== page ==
Lesson Objectives:- The use of construction in process and billings on construction in process accounts
- Why the billings on CIP account is important
- How to create the journal entries for billing, collections and revenue transactions
In the previous lesson, we reviewed how to fill out the percentage of completion template in order to calculate the costs, percentage complete, revenue and gross profits figures for each year. We now will need to record journal entries for the billing, collections and revenue transactions that we calculated using the percentage of completion method.
There are two new accounts that we need to learn about when it comes to long term contracts, such as the government building example: construction in process and billings on construction in process.
- Construction in Process - This is an inventory account that defines the cost of the building activities. This account will also keep track of the gross profits based on the percentage of completion.
- Billings on Construction in Process - Also abbreviated as billings on CIP, this is a contra inventory account that decreases the construction in process account.
On the balance sheet, the contra inventory account of Billings on CIP will always be listed below the Construction in Process account. The purpose of this account is to balance out the asset listed on the balance sheet because technically the CIP account belongs to the customer and the company.
For example, if the Construction in Process amount on the balance sheet is $3,000,000, this would be considered an asset. Without the billings on CIP, it would appear that the company has an asset that gives them a future benefit which is not truly the case. The billings on CIP will net the gross profit figure that belongs to the company.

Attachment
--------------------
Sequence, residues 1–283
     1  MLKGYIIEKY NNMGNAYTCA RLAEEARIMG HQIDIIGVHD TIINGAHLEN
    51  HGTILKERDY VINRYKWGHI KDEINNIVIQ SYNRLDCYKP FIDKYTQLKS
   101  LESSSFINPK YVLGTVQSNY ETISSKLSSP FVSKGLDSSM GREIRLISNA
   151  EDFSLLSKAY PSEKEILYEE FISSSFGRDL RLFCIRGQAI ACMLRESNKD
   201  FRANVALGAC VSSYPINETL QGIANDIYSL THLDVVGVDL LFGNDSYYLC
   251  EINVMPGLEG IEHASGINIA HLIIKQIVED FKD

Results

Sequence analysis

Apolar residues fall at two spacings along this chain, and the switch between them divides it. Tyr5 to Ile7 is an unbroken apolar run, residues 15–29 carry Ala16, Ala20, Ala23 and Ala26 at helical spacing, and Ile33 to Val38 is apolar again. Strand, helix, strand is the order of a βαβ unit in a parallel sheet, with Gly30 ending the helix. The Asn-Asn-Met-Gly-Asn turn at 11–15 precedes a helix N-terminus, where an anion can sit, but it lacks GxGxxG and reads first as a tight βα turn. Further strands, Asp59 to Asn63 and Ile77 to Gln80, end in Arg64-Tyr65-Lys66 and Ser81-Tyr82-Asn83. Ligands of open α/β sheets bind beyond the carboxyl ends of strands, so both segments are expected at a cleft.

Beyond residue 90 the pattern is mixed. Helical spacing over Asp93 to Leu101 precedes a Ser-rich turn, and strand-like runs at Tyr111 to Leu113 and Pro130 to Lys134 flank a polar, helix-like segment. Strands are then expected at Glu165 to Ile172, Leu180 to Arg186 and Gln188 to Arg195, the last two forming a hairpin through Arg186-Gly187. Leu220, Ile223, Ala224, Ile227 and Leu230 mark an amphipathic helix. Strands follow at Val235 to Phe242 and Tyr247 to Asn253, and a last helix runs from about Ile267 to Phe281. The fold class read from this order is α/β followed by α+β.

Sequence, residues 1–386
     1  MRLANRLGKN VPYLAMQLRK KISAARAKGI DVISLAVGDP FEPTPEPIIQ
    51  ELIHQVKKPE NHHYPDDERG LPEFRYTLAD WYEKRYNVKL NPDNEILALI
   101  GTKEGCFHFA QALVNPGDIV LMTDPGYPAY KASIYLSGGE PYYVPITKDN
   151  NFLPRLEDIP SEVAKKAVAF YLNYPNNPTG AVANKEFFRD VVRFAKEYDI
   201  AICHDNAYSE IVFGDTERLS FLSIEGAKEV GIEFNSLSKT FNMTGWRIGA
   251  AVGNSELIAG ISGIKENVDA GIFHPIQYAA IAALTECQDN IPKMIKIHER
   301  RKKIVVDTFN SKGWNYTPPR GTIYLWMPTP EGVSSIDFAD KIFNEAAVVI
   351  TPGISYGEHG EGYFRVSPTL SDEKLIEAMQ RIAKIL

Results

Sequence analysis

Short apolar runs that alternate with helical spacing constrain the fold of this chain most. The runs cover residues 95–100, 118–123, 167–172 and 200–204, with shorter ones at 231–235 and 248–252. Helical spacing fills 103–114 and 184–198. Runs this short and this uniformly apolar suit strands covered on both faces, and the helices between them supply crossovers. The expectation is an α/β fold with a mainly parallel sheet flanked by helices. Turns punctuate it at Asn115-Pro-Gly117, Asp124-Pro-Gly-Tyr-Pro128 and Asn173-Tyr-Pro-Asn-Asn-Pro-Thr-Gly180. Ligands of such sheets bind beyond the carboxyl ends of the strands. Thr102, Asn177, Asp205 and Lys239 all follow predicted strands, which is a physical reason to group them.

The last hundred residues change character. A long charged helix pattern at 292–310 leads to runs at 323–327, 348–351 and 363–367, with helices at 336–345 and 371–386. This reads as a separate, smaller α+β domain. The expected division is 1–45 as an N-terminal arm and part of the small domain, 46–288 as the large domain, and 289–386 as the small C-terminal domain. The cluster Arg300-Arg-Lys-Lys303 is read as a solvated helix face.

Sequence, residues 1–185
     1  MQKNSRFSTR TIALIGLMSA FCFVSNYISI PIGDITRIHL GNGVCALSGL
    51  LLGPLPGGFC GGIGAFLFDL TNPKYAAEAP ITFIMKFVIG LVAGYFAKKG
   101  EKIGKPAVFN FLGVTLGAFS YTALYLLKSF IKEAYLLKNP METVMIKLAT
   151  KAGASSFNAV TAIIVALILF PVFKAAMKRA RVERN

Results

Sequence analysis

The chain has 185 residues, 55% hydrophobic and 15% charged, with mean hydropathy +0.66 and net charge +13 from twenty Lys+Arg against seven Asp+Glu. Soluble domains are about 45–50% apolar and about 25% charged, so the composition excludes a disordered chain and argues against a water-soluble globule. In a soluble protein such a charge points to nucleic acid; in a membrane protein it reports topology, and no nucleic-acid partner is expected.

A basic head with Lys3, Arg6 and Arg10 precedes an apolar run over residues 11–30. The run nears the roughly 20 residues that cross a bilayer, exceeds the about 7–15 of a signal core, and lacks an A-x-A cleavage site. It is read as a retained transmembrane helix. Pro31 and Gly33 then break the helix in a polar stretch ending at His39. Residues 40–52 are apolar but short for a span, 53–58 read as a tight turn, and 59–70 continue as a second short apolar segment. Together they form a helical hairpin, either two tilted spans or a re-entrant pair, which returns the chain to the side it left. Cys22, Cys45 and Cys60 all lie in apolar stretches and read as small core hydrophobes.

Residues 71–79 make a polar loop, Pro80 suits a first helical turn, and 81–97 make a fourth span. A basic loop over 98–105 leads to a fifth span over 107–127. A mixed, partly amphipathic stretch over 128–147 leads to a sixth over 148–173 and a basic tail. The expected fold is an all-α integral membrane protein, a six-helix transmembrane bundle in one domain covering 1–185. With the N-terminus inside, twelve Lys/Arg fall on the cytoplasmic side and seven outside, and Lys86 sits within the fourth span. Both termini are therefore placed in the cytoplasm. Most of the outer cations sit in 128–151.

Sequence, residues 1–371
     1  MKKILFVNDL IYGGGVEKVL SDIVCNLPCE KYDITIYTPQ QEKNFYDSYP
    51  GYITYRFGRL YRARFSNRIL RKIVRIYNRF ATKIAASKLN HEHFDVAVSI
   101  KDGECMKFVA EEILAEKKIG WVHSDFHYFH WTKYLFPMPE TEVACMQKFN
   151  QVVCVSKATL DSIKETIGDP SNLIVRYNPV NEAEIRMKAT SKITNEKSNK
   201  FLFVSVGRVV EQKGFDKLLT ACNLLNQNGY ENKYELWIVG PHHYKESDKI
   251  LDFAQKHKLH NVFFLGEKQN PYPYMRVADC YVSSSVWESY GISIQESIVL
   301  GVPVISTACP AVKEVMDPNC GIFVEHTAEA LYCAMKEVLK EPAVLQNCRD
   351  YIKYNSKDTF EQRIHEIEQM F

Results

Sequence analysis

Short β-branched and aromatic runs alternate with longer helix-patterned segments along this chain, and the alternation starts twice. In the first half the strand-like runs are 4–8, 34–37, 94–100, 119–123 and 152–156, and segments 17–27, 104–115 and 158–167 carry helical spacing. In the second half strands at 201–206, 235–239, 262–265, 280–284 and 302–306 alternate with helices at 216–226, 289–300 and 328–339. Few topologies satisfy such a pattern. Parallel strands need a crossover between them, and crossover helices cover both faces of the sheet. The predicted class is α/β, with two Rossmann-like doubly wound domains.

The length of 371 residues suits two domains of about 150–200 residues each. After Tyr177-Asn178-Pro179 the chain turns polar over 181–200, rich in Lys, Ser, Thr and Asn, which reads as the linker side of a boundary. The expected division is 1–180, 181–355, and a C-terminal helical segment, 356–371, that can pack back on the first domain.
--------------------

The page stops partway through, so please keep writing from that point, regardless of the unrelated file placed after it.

Now, let's proceed to creating the journal entries for the same example that we reviewed in the previous lesson. I have listed the completed template above that we will be referencing for the transaction amounts.
We will go ahead and walk through the journal entries step-by-step, starting with the costs.
1. Let's start with the journal entry for 2013 to report the assets. The cost incurred in this period will be debited for the amount of $2,500,000 against the CIP account. To pay for these costs, the company will need to credit the accounts payable or cash account for the same amount.
2. The next entry for 2013 will be for the accounts receivables which accounts for the billings to the customer. The accounts receivable would be debited by $2,000,000 and the billings on CIP would be credited by $2,000,000. The billings to the customer include the costs and the service that the company is providing.
3. The third entry will be for collections to account for the cash that has been collected for the year. This is a simple collections entry where we will debit the cash account and credit the accounts receivable to show that the funds have been collected.
4. The final entry will be to show the revenue and expense amounts. The construction expense account is debited by $2,500,000 and the revenue on the long term contract is recorded as a credit for $4,304,000. In order to balance out the transaction, the gross profit amount of $1,804,000 is recorded through the construction in process account for this entry.
We would then use the same process to record the journal entries for 2014 and 2015. As time goes on, you will get more familiar with these accounts and the types of entries that are required for long term contracts.